The laws of automobile economics are irreversible: Drive a new car off the dealer’s lot, it begins losing value. Even if you buy a used car from a private party, the auto-value meter generally starts ticking down. But there are ways to slow time's effects. Since a car is one of the bigger investments you’re going to make in your life, use these methods to limit trips to the mechanic and give yourself the opportunity to justify a higher asking price when you go to resell your vehicle:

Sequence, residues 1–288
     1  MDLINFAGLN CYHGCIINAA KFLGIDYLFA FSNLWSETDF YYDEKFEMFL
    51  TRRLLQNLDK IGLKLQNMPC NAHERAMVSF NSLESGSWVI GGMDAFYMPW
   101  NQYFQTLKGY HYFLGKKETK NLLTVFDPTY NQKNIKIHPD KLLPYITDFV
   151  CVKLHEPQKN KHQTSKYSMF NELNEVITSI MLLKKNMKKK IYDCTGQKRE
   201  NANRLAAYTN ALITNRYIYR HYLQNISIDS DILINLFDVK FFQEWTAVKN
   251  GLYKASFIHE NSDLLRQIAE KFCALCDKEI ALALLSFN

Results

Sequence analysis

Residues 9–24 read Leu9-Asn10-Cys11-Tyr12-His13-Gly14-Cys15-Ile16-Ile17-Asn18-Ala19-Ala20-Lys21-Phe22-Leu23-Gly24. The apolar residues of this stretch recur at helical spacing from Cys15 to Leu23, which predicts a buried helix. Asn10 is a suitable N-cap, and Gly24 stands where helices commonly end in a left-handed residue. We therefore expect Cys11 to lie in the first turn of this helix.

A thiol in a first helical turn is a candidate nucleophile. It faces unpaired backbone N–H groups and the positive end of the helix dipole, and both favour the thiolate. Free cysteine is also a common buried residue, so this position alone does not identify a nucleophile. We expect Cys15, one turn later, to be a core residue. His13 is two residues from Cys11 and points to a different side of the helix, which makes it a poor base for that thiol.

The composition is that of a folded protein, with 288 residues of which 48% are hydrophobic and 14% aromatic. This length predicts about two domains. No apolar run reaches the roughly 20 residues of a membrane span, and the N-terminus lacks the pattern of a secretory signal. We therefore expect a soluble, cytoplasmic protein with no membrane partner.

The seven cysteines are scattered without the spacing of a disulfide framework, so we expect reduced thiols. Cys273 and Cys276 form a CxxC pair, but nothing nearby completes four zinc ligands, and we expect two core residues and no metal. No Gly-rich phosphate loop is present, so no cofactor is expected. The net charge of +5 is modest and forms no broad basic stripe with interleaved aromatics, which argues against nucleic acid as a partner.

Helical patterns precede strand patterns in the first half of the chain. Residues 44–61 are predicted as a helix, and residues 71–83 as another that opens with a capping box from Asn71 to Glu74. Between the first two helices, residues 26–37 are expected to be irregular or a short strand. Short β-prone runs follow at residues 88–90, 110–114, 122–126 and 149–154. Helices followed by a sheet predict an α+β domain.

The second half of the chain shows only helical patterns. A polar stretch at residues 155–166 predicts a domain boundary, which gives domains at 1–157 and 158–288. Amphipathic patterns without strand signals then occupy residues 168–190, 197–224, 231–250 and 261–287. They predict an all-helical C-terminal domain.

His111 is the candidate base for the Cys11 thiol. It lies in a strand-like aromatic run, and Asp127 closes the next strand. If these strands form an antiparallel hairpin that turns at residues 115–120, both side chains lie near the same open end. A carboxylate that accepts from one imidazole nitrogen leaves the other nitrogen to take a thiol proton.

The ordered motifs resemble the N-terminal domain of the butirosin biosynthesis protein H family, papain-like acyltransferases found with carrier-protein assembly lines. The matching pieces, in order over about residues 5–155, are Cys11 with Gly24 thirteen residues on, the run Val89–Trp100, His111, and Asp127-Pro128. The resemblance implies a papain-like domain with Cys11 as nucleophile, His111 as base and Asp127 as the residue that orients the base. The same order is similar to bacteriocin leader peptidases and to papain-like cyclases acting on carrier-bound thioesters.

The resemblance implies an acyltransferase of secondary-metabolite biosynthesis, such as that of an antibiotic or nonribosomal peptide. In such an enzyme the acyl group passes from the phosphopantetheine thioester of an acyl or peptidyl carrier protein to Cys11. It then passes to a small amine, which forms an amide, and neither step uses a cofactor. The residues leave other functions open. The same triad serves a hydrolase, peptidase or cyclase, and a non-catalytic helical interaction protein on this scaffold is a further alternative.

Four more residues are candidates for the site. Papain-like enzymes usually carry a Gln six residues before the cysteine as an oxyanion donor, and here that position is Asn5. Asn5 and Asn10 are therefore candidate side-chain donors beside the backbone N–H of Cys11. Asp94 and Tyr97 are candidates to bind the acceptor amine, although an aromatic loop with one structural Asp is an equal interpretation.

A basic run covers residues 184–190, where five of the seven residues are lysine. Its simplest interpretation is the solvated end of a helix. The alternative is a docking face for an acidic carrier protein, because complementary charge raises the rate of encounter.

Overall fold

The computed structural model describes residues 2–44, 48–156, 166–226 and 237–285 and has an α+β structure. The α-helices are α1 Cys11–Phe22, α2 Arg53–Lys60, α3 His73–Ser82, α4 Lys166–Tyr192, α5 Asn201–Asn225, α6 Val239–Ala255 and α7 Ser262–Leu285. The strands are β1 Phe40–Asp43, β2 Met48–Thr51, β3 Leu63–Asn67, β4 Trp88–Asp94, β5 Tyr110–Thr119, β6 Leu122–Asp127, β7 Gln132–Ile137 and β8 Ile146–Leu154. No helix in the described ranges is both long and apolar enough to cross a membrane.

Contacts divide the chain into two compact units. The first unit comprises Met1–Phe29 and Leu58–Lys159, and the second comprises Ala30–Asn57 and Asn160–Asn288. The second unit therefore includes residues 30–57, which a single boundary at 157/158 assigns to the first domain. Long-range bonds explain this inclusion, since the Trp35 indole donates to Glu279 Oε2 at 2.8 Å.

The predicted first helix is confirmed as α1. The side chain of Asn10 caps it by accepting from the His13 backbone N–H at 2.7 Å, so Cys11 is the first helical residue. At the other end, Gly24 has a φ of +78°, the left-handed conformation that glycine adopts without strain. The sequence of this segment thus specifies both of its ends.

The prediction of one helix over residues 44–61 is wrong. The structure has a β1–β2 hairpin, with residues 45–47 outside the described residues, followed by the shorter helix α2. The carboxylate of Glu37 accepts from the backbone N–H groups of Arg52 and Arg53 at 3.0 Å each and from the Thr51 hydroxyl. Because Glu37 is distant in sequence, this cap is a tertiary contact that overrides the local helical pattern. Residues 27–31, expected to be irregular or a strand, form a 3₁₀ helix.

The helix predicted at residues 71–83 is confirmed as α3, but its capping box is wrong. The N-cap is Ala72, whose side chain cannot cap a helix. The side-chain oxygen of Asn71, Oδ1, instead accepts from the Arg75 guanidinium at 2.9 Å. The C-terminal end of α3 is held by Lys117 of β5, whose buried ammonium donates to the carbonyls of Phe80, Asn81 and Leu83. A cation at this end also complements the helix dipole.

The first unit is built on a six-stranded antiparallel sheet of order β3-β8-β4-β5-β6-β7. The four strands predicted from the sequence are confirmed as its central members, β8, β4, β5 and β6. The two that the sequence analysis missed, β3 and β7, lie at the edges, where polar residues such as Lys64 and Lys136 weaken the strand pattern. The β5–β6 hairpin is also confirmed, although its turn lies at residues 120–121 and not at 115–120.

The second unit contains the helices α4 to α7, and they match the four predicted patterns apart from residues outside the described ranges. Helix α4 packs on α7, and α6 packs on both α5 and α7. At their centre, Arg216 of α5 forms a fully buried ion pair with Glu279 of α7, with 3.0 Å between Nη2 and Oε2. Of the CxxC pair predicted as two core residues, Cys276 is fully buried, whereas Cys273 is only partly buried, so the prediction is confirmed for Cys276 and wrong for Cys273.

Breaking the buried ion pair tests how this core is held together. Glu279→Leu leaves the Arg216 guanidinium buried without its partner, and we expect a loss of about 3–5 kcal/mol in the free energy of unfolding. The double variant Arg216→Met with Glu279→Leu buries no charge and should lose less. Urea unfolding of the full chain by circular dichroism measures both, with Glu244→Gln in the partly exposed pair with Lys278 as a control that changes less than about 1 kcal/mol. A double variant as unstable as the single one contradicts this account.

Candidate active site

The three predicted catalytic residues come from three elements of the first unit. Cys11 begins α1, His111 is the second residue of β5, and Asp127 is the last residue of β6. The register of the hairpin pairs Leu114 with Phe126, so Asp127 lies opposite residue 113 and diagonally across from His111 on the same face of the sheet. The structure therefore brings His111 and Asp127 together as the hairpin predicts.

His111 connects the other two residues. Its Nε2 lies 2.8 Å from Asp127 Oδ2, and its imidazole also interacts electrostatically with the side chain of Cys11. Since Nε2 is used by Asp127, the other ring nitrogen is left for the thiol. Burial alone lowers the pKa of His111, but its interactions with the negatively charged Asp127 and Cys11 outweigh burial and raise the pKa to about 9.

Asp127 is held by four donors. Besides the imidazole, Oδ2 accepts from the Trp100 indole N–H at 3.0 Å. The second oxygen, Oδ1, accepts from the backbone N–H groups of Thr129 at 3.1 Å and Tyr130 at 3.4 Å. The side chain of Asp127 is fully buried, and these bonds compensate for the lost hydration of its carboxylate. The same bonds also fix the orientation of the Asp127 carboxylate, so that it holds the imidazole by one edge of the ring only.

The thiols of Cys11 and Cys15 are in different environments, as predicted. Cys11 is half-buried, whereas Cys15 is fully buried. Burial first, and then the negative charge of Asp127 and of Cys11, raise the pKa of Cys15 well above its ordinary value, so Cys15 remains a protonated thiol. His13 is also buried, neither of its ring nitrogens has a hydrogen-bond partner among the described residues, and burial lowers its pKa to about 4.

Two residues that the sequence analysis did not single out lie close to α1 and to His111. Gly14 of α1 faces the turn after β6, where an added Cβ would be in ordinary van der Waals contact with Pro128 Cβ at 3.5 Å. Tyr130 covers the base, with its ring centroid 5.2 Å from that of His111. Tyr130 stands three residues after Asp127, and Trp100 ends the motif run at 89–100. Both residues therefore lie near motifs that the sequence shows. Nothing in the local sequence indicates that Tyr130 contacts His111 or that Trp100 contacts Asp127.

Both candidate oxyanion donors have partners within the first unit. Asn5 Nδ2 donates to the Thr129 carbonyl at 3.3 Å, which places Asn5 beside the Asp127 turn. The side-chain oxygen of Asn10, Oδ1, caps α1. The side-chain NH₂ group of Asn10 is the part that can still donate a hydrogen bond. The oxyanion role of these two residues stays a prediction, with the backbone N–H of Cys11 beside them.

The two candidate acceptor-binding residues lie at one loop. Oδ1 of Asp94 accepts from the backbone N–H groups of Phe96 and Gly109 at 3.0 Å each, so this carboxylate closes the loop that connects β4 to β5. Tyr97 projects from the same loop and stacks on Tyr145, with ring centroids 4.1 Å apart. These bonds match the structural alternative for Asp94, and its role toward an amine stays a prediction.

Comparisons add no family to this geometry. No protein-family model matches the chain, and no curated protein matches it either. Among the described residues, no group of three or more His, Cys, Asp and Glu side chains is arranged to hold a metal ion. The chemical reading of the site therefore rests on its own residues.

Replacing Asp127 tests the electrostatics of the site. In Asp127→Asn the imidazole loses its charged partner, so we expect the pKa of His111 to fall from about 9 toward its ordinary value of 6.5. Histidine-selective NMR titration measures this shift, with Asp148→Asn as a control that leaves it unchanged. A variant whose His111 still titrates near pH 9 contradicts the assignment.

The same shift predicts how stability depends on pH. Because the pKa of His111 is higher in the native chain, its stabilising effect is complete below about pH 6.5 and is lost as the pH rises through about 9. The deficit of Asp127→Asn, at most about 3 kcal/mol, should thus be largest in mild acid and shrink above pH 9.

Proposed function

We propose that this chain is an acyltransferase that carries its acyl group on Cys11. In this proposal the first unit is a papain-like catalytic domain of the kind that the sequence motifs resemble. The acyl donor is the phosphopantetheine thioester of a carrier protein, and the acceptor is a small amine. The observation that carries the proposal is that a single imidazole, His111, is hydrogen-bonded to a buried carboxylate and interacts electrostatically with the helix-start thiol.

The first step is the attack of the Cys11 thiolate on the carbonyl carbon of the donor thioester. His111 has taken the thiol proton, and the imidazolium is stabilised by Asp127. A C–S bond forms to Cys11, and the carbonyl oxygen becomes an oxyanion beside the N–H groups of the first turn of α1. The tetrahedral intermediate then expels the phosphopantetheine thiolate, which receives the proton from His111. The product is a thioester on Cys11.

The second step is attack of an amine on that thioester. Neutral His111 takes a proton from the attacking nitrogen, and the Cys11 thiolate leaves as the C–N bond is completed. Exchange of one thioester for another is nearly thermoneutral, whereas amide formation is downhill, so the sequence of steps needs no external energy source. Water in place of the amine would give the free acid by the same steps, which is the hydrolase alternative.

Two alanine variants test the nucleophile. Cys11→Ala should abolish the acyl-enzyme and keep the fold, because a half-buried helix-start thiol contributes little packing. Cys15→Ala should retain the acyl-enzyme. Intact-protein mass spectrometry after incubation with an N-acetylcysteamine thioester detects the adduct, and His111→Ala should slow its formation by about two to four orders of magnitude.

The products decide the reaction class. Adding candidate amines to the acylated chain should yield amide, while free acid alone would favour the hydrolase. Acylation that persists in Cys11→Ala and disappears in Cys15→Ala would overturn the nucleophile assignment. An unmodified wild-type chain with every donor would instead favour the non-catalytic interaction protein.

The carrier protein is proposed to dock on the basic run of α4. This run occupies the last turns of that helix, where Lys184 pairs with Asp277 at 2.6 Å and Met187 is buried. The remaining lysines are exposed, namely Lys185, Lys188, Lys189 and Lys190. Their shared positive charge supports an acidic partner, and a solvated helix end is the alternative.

Things like seat heaters and your car stereo tax the vehicle’s electrical system. Starting the car draws on the same system heavily; if your battery is being tasked with running accessories and your starter motor at the same time, it’s going to have to work a little harder. As an illustrative example: if you start your car with the headlights on, you may notice them dimming as you crank the starter. Some vehicles have an extra battery for accessories and will be less affected by an extra draw from starting. However, even the owner’s manual in a modern Acura suggests turning off accessories at idle speed and below to guarantee maximum battery life and minimum strain on related components.
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